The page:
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Kansas School Spending Short Of Requirements

Associated Press - June 19, 2013 3:58 am

The results of the Kansas Fitness Information Tracking, or K-FIT, showed that students who were able to reach fitness goals in five areas scored significantly higher on math and reading tests than students who weren't fit.

The results of the Kansas Fitness Information Tracking, or K-FIT, showed that students who were able to reach fitness goals in five areas scored significantly higher on math and reading tests than students who weren't fit.

TOPEKA, Kan. (AP) – A state Department of Education report shows that Kansas legislators have authorized school spending for the next two years that is more than $650 million below what is required by law.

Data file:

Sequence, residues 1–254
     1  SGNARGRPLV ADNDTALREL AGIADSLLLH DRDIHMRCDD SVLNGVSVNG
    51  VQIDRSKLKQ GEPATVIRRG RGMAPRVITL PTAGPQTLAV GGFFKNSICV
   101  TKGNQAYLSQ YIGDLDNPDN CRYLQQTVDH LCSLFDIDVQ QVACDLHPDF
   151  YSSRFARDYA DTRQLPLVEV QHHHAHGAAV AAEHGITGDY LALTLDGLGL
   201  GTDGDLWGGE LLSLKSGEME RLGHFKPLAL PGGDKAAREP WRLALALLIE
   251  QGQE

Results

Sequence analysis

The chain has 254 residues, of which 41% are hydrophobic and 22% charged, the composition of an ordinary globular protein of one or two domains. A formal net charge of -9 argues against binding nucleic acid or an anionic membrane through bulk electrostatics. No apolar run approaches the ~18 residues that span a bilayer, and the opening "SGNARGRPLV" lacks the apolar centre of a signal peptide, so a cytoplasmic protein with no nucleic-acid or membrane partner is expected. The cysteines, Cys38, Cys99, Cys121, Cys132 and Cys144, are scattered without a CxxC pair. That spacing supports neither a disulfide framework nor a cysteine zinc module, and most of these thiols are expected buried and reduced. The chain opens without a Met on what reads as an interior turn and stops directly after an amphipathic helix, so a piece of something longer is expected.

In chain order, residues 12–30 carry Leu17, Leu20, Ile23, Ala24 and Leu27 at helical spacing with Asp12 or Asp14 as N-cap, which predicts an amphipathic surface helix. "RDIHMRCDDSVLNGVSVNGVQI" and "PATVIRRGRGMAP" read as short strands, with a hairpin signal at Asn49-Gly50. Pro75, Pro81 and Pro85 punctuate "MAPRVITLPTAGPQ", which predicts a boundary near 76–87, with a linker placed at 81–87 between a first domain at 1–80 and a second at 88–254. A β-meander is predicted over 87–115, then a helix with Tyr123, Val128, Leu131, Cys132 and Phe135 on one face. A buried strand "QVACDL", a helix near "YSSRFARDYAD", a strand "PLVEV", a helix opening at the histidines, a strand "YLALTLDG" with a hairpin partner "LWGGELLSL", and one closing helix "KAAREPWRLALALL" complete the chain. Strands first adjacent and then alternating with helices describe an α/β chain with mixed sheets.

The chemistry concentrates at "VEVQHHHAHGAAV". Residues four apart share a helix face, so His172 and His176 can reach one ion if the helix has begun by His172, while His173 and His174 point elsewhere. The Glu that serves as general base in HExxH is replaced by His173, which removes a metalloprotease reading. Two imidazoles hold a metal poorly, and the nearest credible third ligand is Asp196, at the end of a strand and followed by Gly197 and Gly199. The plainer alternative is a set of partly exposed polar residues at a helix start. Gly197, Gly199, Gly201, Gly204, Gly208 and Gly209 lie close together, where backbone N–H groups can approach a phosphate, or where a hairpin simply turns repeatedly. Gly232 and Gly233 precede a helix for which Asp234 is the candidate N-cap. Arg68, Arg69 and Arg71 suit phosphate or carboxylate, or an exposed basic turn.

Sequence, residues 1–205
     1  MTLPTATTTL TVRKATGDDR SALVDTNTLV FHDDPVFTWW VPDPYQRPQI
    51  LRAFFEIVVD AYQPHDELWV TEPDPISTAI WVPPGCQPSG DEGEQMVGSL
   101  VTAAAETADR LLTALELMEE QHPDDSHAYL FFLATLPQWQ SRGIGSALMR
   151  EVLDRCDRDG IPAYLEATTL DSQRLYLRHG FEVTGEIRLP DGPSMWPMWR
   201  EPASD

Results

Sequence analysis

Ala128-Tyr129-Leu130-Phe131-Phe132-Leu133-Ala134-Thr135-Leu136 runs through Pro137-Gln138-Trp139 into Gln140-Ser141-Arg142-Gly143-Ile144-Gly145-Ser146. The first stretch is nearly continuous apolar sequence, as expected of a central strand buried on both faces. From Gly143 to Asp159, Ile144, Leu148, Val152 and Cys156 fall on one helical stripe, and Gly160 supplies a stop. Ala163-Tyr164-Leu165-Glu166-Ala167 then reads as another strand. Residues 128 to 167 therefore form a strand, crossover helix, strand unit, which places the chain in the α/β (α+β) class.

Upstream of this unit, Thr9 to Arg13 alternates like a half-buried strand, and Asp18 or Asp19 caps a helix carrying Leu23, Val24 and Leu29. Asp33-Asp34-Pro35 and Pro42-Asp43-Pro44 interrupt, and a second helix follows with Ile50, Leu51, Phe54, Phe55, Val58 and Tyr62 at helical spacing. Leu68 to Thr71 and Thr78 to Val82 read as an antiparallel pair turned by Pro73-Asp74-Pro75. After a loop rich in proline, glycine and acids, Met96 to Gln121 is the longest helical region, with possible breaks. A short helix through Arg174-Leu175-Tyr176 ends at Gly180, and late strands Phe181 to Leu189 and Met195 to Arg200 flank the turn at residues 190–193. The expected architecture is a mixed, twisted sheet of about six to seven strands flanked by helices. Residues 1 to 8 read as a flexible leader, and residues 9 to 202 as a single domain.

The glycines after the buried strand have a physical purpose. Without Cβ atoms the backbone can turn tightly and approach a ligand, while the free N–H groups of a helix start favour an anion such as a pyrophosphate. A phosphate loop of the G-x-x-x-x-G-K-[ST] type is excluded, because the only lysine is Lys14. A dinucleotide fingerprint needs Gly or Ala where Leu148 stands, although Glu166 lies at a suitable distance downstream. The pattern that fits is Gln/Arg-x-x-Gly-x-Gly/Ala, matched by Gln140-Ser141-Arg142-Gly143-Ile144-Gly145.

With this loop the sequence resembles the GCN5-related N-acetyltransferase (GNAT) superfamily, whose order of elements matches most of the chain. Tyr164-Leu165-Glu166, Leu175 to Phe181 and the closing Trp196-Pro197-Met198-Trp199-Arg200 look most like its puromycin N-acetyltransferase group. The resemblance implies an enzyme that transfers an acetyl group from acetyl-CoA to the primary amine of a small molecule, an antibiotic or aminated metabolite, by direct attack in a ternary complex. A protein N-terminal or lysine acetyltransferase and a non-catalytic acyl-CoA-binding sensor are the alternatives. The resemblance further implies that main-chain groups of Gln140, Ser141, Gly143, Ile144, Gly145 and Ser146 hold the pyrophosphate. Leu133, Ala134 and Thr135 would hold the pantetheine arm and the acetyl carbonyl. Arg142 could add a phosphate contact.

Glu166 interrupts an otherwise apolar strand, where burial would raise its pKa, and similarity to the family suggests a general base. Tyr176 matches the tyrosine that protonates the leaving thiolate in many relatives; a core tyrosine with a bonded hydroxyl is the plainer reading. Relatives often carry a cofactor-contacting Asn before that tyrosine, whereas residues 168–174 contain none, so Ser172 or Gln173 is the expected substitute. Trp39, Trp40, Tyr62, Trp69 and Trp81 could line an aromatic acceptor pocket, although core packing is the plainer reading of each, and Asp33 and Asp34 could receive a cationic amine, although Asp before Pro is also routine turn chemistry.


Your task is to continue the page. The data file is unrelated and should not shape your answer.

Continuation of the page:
The report was included as part of the State Board of Education’s June meeting agenda but discussion was omitted after additional time was devoted to academic standards.

Deputy Commissioner of Education Dale Dennis’ report shows the difference between what the state is required by law to spend on public schools and what was authorized for fiscal years 2014, which begins July 1, and again in 2015.

The figures have been known for some time and a district court has ordered legislators to make up the differences in spending. The Kansas Supreme Court is reviewing that order.

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